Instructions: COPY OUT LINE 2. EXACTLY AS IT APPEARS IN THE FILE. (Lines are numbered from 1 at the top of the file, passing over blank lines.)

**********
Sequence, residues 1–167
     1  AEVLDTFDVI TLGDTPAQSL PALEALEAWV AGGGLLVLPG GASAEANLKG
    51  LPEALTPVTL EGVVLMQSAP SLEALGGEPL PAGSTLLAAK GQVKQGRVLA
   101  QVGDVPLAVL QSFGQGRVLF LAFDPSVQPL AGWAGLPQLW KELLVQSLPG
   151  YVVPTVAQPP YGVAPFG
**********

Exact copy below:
     1  AEVLDTFDVI TLGDTPAQSL PALEALEAWV AGGGLLVLPG GASAEANLKG